What can it mean for cinema to be revolutionary? Answering a version of this question in a 1977 interview, the Cuban filmmaker Humberto Solás stressed the importance of real-world context. In a capitalist environment, a revolutionary film must strive for the effect of a guerrilla action, transcending mere analysis or exposé. In a socialist society, however, with the revolution already achieved—as in the Cuba of the sixties, where Solás and his compatriots were forging a very particular cinematic New Wave—what is needed is not a call to arms but a reminder of the work still to come. Such films, Solás argued, “must present the revolution as a permanent fact, an ongoing process which nothing can reverse.” Few movies have ever adopted this mandate with the conceptual sophistication and pointed vigor of Solás’s first full-length feature, Lucía (1968), an astonishing reinvention of the historical epic.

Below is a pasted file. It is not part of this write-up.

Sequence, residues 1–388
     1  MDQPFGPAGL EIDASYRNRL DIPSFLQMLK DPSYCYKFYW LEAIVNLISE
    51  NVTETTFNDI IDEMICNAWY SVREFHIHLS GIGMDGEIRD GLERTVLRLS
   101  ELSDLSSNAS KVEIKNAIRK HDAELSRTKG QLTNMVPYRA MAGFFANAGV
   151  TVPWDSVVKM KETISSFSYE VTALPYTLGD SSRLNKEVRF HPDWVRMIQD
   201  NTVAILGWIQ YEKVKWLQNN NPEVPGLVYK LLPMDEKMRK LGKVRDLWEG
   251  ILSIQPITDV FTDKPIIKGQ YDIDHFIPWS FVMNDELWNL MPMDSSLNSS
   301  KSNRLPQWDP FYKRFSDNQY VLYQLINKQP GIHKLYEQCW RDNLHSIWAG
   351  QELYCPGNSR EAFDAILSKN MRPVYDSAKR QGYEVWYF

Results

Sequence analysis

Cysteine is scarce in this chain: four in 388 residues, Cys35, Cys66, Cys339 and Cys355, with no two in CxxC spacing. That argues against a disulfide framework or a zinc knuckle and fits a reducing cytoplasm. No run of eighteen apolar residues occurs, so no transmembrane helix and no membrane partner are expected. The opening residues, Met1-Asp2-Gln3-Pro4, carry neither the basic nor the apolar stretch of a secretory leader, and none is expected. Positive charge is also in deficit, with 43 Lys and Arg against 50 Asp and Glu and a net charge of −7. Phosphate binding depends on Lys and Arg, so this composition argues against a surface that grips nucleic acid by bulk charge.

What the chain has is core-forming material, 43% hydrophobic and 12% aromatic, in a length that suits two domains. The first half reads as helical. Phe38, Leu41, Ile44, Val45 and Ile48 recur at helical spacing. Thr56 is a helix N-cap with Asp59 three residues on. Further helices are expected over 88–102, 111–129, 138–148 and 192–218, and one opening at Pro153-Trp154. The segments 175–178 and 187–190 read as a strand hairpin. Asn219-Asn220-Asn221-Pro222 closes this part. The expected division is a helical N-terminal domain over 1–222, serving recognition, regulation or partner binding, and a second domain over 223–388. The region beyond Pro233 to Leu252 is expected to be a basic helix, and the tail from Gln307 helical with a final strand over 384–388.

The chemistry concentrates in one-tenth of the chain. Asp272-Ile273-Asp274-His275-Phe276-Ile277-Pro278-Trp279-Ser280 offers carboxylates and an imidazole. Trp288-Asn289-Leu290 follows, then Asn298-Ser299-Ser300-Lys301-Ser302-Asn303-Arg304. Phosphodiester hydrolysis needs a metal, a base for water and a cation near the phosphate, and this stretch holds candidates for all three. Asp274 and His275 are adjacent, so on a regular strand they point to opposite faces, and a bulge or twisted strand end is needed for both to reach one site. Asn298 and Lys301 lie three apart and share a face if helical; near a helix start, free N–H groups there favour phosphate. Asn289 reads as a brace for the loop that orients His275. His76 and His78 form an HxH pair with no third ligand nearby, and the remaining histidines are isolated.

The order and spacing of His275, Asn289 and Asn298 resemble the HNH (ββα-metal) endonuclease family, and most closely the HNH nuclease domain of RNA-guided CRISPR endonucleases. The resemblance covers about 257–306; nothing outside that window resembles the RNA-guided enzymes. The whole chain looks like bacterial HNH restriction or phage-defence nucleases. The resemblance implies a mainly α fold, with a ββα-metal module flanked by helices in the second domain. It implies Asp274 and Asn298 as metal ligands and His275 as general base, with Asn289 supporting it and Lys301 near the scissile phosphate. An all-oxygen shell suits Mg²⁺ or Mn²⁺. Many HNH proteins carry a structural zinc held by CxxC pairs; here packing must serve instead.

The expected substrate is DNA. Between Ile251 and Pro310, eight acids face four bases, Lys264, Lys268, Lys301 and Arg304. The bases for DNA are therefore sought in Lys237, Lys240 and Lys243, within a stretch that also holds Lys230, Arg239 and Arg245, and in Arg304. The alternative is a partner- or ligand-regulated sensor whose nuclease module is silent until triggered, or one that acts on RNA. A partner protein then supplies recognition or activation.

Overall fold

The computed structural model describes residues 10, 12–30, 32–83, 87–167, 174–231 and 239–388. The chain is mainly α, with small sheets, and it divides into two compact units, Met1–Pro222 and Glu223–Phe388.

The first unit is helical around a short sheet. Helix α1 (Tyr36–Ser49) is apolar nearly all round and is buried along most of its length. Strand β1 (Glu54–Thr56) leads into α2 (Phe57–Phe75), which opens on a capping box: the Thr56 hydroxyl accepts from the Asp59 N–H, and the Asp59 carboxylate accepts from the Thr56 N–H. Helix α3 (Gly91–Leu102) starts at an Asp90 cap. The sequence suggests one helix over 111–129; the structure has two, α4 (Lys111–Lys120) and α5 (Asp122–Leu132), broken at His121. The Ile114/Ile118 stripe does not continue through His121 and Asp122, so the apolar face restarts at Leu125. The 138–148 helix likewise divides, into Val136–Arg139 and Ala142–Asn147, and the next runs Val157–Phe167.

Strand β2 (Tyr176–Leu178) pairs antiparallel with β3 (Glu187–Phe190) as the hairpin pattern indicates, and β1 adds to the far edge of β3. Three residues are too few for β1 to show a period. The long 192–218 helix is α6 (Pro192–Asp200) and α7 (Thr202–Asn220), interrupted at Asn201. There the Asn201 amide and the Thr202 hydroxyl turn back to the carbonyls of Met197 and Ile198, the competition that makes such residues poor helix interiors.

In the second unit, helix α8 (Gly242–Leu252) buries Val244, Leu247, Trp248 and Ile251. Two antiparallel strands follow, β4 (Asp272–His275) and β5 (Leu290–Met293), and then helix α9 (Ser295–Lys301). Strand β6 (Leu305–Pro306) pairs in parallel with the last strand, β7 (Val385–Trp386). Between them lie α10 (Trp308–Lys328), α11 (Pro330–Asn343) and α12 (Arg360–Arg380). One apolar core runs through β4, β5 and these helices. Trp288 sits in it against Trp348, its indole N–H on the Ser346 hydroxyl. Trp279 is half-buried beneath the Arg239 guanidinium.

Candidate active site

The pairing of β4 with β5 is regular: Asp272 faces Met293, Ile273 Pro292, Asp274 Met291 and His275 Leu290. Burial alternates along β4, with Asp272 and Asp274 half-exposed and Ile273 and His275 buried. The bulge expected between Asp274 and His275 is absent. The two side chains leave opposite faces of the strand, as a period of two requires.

With its three parts, which span some seven decades, Lucía is nothing less than an attempt to dramatize the forces of history as they play out in relationships between women and men, and between the individual and the collective. Each section, titled after the year in which its events begin, focuses on a woman named Lucía who is both a participant in a love story and an emblem within a larger political canvas. “1895” takes place during Cuba’s war of independence from Spain, “1932” in the days before and after the uprising against the dictator Gerardo Machado, and “196..” within the approximate present of the movie, in the heady aftermath of the revolution. The protagonist of each story comes from a different social class: the aristocracy, the bourgeoisie, and the peasantry. And each tale is told in a markedly different style and register: tragic melodrama for the first, romantic reverie for the second, and knockabout farce for the third.